Unless you or someone close to you have experienced full or partial vision loss or impairment, the gift of sight probably isn't something we truly appreciate as often as we should. World Sight Day aims to change that.
• What is World Sight Day?
• Importance of eye health
• How to celebrate World Sight Day
What is World Sight Day?
According to The International Agency for the Prevention of Blindness (IAPB), World Sight Day "is an annual day of awareness held on the second Thursday of October to focus global attention on blindness and vision impairment." The organization's members work throughout the year on initiatives related to the importance of blindness and vision impairment, but the day of public awareness helps further the agency's visibility.
On World Sight Day, IAPD members come together with chapters across the world to:
• Raise overall awareness of vision impairment and blindness as it relates to an issue of international public health
• Influence leaders across the world to recognize, participate in, and allocate funding for national blindness prevention programming
• Educate those around them about the importance of eye health and blindness prevention
In 2020, World Sight Day will be held on October 8 and is the most critical advocacy and publicity day for eye health. This year's call to action is "hope in sight." According to IAPB, more than 75% of the people in the world who are considered vision impaired have a condition that could be improved by corrective lenses. The agency believes that this accounts for more than a billion people worldwide who cannot see or cannot see well, simply because they don't have access to eyeglasses or multifocal contact lenses.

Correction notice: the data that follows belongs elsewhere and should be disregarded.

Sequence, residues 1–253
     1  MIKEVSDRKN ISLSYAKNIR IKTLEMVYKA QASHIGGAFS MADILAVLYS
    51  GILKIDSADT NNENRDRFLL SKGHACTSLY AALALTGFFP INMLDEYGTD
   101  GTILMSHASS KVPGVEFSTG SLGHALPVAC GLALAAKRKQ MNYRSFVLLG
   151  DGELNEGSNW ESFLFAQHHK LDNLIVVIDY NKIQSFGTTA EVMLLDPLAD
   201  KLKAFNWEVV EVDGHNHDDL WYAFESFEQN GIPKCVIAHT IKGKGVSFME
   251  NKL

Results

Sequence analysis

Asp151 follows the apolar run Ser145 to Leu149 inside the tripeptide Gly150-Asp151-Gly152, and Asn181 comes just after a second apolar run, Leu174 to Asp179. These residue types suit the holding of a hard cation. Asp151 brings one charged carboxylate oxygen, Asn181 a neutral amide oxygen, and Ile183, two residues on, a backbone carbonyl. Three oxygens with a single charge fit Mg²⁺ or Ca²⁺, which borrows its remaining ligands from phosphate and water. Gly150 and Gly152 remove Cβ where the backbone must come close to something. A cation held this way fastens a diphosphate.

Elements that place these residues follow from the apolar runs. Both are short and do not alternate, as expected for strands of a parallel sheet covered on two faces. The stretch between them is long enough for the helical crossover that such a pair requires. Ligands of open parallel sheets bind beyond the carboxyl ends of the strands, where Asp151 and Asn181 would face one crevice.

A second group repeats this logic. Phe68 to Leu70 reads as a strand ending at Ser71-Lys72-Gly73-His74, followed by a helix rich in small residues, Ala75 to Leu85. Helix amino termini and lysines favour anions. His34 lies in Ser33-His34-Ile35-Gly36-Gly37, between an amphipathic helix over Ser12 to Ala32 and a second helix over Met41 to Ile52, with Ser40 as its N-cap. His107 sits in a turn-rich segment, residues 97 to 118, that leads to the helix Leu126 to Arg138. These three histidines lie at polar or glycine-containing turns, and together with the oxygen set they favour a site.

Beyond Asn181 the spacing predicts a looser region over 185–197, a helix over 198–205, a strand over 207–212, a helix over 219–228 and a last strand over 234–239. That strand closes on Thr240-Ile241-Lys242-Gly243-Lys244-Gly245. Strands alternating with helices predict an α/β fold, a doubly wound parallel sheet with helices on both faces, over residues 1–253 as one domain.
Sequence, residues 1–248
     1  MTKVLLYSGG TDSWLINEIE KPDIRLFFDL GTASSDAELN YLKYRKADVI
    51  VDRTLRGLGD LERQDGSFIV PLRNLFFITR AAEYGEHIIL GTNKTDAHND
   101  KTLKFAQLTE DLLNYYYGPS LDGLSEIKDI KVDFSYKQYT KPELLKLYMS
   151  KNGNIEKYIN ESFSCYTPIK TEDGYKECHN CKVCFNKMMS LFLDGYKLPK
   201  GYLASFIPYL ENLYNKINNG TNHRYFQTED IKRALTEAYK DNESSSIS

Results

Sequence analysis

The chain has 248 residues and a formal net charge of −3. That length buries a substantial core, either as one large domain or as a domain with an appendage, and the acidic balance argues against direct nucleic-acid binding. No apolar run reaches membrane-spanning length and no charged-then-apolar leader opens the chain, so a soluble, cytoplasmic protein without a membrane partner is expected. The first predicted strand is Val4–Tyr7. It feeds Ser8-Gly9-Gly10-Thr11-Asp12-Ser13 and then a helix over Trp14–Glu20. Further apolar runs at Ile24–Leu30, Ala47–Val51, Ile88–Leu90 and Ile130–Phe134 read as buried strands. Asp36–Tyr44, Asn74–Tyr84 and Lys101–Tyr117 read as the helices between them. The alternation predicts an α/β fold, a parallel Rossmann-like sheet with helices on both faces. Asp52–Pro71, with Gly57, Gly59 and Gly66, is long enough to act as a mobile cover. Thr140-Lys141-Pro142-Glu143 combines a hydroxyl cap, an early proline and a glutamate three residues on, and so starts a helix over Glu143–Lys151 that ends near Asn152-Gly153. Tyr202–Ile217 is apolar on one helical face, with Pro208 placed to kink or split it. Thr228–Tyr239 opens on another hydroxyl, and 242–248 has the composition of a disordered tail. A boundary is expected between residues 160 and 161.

The Importance of Eye Health
Many people believe that vision loss is a part of life as you age. Although certain conditions are age-related, increasing a patient's access to eye care can improve several eye conditions. As of 2020, at least 2.2 billion people in the world have a vision problem — many of which aren't addressed. Of those, at least one billion people's impairments could have been prevented or have yet to be addressed.
World Sight Day not only increases awareness of blindness but also of the eye conditions that can lead to complete or partial sight loss. According to IAPB, millions of people in the world today are living with conditions that drastically increase their risk of experiencing complete or partial sight loss:
• 196 million people live with age-related macular degeneration, which worsens over time and is the leading cause of severe vision loss in adults over the age of 60.
• 146 million people live with diabetic retinopathy, which affects people with diabetes and damages the retina's blood vessels. According to the American Diabetes Association, at least 90% of diabetic retinopathy cases could be reduced with proper treatment access.
• 76 million people are living with glaucoma, the leading cause of irreversible blindness in the world. Although glaucoma is considered a sight-threatening medical emergency, most cases cause few to no symptoms at first and can only be diagnosed by regular eye exams.